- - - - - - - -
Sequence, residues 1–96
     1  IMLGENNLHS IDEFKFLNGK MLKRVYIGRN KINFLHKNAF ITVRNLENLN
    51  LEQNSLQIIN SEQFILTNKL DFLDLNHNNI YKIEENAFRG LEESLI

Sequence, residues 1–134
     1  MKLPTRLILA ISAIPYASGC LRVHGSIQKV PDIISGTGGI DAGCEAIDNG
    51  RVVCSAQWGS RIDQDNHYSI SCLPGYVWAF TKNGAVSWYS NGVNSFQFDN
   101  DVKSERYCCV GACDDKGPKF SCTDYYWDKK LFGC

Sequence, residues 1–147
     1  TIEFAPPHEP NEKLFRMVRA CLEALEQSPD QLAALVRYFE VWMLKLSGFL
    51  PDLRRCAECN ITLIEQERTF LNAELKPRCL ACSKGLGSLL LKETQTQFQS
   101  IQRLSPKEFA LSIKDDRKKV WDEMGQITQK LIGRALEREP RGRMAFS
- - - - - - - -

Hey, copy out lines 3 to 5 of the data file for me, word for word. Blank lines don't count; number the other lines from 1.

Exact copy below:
    51  LEQNSLQIIN SEQFILTNKL DFLDLNHNNI YKIEENAFRG LEESLI

Sequence, residues 1–134
     1  MKLPTRLILA ISAIPYASGC LRVHGSIQKV PDIISGTGGI DAGCEAIDNG